Report: Native Hawaiians imprisoned more often

Honolulu, Hawaii (AP) October 2010

Native Hawaiians are imprisoned more often and serve longer sentences than people of other racial or ethnic groups in Hawaii, according to a new report by the Office of Hawaiian Affairs.

While Native Hawaiians make up about 24 percent of the state’s overall population, they accounted for 39 percent of the population in prisons and jails in 2009, said the report titled “The Disparate Treatment of Native Hawaiians in the Criminal Justice System.”

The report, released last week, shows that Native Hawaiians are imprisoned for drug offenses more frequently, they’re more likely to get a prison sentence after being found guilty and they receive longer sentences.

“This crucial research shows the need to address the unfair treatment of Native Hawaiians in our state’s criminal justice system,” OHA Chief Executive Officer Clyde Namuo said in a statement. “We are more likely to be sent to prison, and for longer periods of time, than nearly every other racial or ethnic community in Hawaii.”

Native Hawaiians are sentenced to 119 more days in prison than Tongans, 73 more days than Native Americans, 68 more days than Hispanics and 11 more days than whites on average, after controlling for severity of the charge, age at arrest and gender, the report said.

Hawaiians also are sentenced to longer probation terms and make up the highest percentage of people incarcerated by the state in private prisons on the mainland.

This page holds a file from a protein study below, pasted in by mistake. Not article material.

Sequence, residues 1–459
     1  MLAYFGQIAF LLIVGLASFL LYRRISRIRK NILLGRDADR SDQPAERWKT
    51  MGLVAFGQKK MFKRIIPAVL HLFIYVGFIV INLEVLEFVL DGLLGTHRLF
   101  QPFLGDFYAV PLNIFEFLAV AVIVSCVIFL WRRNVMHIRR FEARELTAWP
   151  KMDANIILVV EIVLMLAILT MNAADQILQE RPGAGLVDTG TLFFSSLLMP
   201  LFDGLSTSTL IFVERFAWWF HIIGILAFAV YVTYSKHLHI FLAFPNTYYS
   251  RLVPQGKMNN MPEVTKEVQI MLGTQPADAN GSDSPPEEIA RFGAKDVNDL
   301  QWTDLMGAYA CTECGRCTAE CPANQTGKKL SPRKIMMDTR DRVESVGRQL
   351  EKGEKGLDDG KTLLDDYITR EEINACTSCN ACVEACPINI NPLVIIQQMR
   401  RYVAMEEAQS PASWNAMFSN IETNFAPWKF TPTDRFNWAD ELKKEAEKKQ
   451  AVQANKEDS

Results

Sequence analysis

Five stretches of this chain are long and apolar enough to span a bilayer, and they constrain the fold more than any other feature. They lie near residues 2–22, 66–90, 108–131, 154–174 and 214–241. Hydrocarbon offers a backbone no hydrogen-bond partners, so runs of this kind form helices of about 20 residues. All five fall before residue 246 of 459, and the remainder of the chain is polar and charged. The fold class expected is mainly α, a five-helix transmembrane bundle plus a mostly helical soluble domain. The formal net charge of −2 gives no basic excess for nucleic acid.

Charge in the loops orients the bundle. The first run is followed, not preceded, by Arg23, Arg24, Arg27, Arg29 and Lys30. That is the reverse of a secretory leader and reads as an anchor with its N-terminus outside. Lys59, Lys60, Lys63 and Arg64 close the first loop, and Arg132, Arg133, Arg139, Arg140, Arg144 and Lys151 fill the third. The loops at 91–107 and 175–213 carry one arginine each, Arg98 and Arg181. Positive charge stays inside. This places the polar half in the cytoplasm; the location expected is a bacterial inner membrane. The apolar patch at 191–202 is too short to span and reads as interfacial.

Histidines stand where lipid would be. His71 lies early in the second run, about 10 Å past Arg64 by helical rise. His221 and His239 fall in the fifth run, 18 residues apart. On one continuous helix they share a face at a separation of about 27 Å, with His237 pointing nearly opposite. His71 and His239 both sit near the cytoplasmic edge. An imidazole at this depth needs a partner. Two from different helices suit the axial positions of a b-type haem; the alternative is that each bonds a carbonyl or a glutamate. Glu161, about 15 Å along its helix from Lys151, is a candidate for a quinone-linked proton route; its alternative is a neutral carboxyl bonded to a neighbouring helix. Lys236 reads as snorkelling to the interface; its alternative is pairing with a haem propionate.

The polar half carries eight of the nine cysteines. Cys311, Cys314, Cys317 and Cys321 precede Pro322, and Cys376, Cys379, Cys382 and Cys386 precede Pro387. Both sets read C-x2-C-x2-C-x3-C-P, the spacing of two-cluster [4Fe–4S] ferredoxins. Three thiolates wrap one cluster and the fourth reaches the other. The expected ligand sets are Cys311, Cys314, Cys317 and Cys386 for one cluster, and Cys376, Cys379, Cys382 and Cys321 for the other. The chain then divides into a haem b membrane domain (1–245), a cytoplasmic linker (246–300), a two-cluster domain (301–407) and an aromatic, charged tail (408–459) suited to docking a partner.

Hawaii’s indigenous people made up the largest portion, at 32 percent, of people admitted to prison for drug offenses in 2009, although their drug usage isn’t much different from other races or ethnicities, the report said.

“These numbers have more to do with their socioeconomic circumstances than their race,” former judge and Chaminade University criminal justice professor Ron Becker told the Honolulu Star-Advertiser. “As a judge, it’s difficult to put on probation someone who has no permanent residence, no permanent employment, no continuing relationships with anyone in the community.”

The report suggests reforms to reduce racial disparities, fund community-based alternatives to incarceration and help Hawaiians reintegrate into the community following incarceration.

OHA will ask the Legislature to study the disparities and improve the justice system, Namuo said.

The study, funded by a $181,440 legislative appropriation, was conducted by OHA with assistance from the University of Hawaii, the Justice Policy Institute and Georgetown University.